The incident at Waco began because of a ATF investigation into allegations that the Dividian Branch compound at Waco, Texas, housed a large store of illegal assault and automatic weapons. the "dividian branch cult" believed that their leader, Koresh, was the divine savior described in the bible. he had stockpiled weapons and food in anticipation of the "evil people" coming to kill him and prevent the saving of humanity.
Attorney General Janet Reno made the call to call for a siege of the complex. the siege lasted a full 51 days, on Feb. 28, 1993, at the end of which 76 cultists had died (possibly 82) and 4 atf/fbi agents. the majority of the cultists (including men, women and children) died either due to the fire that resulted somehow in the confusion caused by the large amounts of tear gas pumped into the building by the atf/fbi. it was later found that Koresh had commanded his followers to commit mass suicide, and that the fire may have been caused either by that , or pyrotechnic grenades used by the agents. a mere 9 cultists survived the affair
The ripples of this incident were felt two years to the day from the end of the siege, when Timothy McVeigh, angered by the government's actions, bombed the Alfred P. Murrah Federal Building (fbi) in Kansas city. 168 people died, and it was the largest terrorist event in us history (I think) until 9/11. Janet Reno (Clinton's attorney general) was accused of making a bad decision on several counts, and this was one of them. another was the Ruby Ridge incident, which was very similar.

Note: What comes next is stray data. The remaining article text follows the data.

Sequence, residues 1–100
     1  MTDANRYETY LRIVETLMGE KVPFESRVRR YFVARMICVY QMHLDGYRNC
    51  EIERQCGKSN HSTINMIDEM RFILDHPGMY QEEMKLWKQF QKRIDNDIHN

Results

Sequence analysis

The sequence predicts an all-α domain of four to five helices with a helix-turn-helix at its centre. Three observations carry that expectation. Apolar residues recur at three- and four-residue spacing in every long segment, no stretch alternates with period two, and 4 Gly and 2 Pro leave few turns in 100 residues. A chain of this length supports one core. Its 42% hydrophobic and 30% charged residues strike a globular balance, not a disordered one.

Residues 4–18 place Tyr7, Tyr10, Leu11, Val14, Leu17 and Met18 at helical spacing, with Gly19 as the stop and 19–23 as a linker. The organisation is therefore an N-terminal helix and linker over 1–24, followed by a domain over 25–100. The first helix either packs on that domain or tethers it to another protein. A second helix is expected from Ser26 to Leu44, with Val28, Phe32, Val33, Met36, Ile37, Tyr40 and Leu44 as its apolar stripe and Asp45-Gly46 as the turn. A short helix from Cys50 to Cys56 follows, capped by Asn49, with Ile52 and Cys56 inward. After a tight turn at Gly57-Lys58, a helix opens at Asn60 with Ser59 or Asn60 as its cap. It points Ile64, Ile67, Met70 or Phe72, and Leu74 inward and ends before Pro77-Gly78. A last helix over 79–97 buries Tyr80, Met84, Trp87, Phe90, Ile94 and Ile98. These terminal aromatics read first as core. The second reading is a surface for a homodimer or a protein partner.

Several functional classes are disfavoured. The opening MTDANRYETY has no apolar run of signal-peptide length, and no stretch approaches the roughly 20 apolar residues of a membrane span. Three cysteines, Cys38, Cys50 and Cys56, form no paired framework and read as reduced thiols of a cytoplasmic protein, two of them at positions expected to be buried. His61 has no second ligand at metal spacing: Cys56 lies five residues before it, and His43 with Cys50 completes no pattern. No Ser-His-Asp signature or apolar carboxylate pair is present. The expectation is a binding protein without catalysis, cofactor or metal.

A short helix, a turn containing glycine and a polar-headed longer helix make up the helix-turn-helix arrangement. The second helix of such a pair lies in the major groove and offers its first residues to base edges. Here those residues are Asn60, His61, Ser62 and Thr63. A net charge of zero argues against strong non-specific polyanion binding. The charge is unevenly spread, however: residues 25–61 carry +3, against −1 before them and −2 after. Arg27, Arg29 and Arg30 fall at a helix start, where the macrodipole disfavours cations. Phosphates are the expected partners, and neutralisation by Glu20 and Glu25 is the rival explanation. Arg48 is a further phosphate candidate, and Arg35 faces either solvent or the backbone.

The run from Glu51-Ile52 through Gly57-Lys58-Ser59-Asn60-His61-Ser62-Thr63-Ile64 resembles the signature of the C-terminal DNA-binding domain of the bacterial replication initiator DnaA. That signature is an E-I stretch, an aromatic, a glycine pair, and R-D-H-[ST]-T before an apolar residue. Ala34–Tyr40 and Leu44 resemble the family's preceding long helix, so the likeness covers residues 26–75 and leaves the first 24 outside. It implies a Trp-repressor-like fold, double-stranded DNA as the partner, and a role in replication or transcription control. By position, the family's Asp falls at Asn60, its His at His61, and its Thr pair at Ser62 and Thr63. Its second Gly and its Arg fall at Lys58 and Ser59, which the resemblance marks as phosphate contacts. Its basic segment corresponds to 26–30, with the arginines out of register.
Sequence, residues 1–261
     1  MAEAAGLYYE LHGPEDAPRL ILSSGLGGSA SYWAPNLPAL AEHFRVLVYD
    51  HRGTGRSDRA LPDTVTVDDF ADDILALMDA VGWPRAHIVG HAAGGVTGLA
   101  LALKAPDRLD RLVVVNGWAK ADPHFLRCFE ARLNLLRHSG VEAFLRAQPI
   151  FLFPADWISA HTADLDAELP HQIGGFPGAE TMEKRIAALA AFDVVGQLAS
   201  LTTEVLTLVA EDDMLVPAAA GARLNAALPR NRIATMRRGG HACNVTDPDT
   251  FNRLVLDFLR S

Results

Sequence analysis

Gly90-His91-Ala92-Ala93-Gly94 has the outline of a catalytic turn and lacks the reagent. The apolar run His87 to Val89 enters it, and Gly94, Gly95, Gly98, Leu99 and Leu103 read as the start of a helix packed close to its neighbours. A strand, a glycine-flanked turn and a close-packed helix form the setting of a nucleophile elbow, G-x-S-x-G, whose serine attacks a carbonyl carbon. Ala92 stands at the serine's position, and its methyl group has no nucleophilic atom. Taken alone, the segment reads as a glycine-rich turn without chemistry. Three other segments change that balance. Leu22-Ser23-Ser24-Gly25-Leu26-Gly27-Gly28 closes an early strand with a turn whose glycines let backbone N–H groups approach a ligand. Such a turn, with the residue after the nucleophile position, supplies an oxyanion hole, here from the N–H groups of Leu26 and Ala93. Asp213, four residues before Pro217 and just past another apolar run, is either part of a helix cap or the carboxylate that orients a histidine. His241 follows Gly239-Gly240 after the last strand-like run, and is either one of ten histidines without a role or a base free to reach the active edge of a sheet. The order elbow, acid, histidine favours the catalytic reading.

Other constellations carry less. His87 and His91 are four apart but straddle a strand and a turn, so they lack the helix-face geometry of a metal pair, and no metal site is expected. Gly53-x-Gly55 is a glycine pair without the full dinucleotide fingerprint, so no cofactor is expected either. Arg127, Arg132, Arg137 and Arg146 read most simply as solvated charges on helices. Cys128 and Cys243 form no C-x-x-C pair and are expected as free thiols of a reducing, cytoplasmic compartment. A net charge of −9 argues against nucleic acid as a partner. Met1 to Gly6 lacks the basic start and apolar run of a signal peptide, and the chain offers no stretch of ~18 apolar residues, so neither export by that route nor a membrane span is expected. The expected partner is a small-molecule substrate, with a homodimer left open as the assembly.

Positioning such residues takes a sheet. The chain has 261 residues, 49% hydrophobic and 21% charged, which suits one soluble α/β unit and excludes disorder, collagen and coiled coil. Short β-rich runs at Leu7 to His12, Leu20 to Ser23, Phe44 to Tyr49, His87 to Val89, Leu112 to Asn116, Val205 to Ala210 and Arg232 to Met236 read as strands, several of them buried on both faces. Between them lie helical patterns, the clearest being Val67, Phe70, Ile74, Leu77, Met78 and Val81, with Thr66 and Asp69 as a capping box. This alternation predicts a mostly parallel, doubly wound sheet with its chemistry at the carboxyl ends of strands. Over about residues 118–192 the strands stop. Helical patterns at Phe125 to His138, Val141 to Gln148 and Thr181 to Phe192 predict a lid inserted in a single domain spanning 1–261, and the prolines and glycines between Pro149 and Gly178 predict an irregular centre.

I cannot say exactly what longer term impact it has had, merely due to the fact that it happened a mere ten years ago.
On Apr. 19, 1995, a powerful bomb exploded in front of the Alfred P. Murrah Federal Building in Oklahoma City. The bombing, which until the events of September 11, 2001, was the deadliest terrorist attack in U.S. history, killed 168 people (including 19 children) and wounded more than 500. Within days federal authorities took into custody as suspects Timothy McVeigh and two brothers, Terry and James Nichols.
McVeigh was executed for his terrorist act, and he was confident to the end that he had done the right thing. he was also said to have connections with U.S. right-wing paramilitary groups that hold extremist antigovernment views. Terry Nichols had served in the same U.S. Army unit as McVeigh, and the two had remained in contact following military service. (James Nichols was subsequently freed from custody.) Michael J. Fortier, who testified against both McVeigh and Nichols, received (May 1998) a reduced sentence of 12 years for his role (transporting stolen firearms, the sale of which helped finance the bombing) and for failing to warn authorities of the conspiracy.
I really can't seem to figure out what the long term effects (or short term are) and i believe that u seem to have a grasp on them... sorry, but i can't find any